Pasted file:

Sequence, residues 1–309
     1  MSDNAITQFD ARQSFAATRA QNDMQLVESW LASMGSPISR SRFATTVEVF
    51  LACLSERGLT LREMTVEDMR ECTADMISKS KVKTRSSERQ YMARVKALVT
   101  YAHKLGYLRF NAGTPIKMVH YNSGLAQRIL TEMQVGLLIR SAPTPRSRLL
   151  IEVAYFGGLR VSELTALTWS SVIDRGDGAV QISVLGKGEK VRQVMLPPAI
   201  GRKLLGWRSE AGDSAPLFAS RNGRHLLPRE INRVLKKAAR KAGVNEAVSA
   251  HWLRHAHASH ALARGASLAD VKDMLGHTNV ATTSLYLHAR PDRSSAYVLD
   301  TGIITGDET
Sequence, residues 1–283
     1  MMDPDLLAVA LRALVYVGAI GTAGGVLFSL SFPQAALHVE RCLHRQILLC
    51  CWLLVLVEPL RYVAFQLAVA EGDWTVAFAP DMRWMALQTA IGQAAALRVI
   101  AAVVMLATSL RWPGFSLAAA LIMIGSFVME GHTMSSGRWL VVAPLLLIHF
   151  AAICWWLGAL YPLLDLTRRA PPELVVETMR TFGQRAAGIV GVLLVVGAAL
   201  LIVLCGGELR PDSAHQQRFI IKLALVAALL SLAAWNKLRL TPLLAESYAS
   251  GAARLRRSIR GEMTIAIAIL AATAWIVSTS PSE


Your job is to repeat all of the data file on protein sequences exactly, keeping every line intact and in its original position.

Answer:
Sequence, residues 1–309
     1  MSDNAITQFD ARQSFAATRA QNDMQLVESW LASMGSPISR SRFATTVEVF
    51  LACLSERGLT LREMTVEDMR ECTADMISKS KVKTRSSERQ YMARVKALVT
   101  YAHKLGYLRF NAGTPIKMVH YNSGLAQRIL TEMQVGLLIR SAPTPRSRLL
   151  IEVAYFGGLR VSELTALTWS SVIDRGDGAV QISVLGKGEK VRQVMLPPAI
   201  GRKLLGWRSE AGDSAPLFAS RNGRHLLPRE INRVLKKAAR KAGVNEAVSA
   251  HWLRHAHASH ALARGASLAD VKDMLGHTNV ATTSLYLHAR PDRSSAYVLD
   301  TGIITGDET
Sequence, residues 1–283
     1  MMDPDLLAVA LRALVYVGAI GTAGGVLFSL SFPQAALHVE RCLHRQILLC
    51  CWLLVLVEPL RYVAFQLAVA EGDWTVAFAP DMRWMALQTA IGQAAALRVI
   101  AAVVMLATSL RWPGFSLAAA LIMIGSFVME GHTMSSGRWL VVAPLLLIHF
   151  AAICWWLGAL YPLLDLTRRA PPELVVETMR TFGQRAAGIV GVLLVVGAAL
   201  LIVLCGGELR PDSAHQQRFI IKLALVAALL SLAAWNKLRL TPLLAESYAS
   251  GAARLRRSIR GEMTIAIAIL AATAWIVSTS PSE